PRI investigators performed their experiment to answer the following question. Is it a realistic assumption that digital cameras can photograph fringe patterns from airborne particles that exist in nature that cannot be seen by the human eye?
Researchers in the field of the holography of small particles use an index called “Far-Field Number” defined as follows:
N is the Far-Field Number, Lambda is wavelength of light; z is the distance between particle and camera (*1); and d is the diameter of the particle.
It is known that when N is in the range between 2 and 8, we observe clear fringe patterns.
It is also known that:(1) The wavelength of infrared ranges from 1 um (micron) to 1000 um (=1mm).
(2) The sizes of airborne particles, especially windblown dusts, range from approximately 2 um to 20 um.
Assuming that the wavelength of the infrared that digital cameras capture is 1 um since it is the closest to visible light. We also use N=5, which would yield very clear and “typical” concentric circles.
Given the conditions above, we can estimate the distance between the camera and the particle. Table 1 shows the relationship between the particle size and the distance from the camera.
|Table 1: Particle size (d) and distance fromthe camera (z) under N=5 and Lambda =1um|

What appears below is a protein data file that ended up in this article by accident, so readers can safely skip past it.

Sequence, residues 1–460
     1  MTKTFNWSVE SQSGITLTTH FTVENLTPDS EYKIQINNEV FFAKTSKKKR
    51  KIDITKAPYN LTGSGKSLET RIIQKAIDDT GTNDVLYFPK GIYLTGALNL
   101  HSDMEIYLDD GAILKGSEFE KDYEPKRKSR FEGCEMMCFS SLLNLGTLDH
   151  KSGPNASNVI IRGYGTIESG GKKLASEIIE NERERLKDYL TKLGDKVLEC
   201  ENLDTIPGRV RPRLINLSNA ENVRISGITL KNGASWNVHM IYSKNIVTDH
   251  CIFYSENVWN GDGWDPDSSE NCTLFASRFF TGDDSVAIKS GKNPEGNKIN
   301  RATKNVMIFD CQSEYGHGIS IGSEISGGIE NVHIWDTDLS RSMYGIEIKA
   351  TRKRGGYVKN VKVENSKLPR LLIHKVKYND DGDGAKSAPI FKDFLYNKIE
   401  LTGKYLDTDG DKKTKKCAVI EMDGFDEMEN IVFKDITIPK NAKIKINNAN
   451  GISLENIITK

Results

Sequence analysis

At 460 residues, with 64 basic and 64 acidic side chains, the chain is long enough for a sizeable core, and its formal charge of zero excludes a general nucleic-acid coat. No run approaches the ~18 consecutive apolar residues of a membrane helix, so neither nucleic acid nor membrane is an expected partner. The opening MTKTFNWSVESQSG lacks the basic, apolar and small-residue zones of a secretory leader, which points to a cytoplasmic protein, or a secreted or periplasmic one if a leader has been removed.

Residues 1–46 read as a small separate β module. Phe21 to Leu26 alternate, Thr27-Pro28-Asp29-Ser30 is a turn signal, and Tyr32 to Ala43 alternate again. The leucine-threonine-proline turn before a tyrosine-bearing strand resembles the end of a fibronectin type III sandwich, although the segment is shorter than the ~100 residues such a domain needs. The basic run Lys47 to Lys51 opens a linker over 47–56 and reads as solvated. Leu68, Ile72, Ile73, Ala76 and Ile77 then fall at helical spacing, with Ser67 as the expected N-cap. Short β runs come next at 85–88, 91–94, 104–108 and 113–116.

|d (um)||z (mm)|
This result indicates that in order for airborne particles to yield fringe patterns caused by infrared light, the particles must be very close to the camera. However, fine water droplets can yield fringe patterns caused by infrared light when they are a few inches away from the camera. This explains why orbs are never hidden behind other objects–except other orbs: it is because the particles are so close to the camera that there cannot be any object between the particles and the camera. It also explains why photographers do not see particles when taking photos: it is because the particles are too small for the human eye to see.
*1) The distance between particle and camera should actually be optical path length due to the presence of the lenses.
This experiment suggests that orbs that have circular patterns are likely to be interference fringes caused by reflected infrared from the camera’s flash unit. Approximately 90% of the orbs seen in photos taken during past PRI investigations are of this type.
Another orb phenomenon is daylight color orbs: that is, photos taken during the day in which colored orbs can be seen. As for daylight color orbs, they could be lens flares. PRI has not successfully replicated daylight color orbs in their photography experiments.
In conclusion, in order for an orb photo to be classified as potentially paranormal, it needs to meet the following criteria:
1) A film SLR camera with a lens hood is used
2) No flash is used
3) There are no circular patterns inside the orb
Reprinted with the permission of Dr. Mark Kimura